A 42-page report published Thursday by the Netherlands Environmental Assessment Agency found global emissions of carbon dioxide reached a record 34.5 billion tons last year.
"Yet, the increase in global CO2 emissions in that year slowed down to 1.1 percent, which was less than half the average annual increase of 2.9 percent over the last decade," the report said.
The report said emissions tied to fossil-fuel combustion slowed in 2012. Regionally, it said China's emissions increased in 2012 but at a slower rate than in previous years. Decreases were seen from the United States and the European Union.
For China, the report said a slower pace of economic growth and a move toward renewable energy resources like hydropower were responsible for the emissions rate. Economic troubles in the EU and the increase in the use in shale natural gas in the United States were responsible for their respective decreases in emissions, the report said.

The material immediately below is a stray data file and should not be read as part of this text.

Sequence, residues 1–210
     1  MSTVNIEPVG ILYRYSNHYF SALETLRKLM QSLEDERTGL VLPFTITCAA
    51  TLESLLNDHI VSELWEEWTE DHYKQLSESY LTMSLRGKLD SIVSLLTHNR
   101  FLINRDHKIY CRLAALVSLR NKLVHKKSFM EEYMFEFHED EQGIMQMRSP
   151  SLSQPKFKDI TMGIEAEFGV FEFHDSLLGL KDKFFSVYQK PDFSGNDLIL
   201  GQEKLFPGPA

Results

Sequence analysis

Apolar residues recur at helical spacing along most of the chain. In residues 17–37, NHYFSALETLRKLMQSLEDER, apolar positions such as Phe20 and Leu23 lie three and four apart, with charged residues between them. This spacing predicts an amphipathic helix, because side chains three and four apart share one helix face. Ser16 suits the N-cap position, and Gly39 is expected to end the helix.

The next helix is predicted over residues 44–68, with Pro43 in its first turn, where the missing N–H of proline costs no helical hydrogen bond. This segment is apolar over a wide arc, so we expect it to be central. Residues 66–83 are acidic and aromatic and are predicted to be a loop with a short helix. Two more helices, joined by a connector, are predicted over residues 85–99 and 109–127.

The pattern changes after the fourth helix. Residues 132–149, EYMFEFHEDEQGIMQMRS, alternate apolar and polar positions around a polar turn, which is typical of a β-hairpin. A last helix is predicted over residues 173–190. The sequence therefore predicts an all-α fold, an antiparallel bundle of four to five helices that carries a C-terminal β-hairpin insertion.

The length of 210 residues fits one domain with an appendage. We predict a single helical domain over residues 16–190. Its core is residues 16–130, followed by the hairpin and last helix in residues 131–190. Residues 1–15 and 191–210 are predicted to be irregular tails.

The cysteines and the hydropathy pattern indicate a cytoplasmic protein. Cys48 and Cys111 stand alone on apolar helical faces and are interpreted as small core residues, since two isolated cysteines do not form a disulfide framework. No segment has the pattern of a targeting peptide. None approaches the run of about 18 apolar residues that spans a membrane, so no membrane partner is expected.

The report said the "good news" is that renewable energy use has accelerated since at least 2002. It took 15 years from 1992 to double the share of renewable energy from 0.5 percent to 1.1 percent of the global energy mix but only six more years to double it again.
"The bad news is that fossil-fuel consumption also increased in 2012: in particular, of natural gas [a 2.2 percent increase], but also oil [a 0.9 percent increase] and coal [a 0.6 percent increase]," the report said.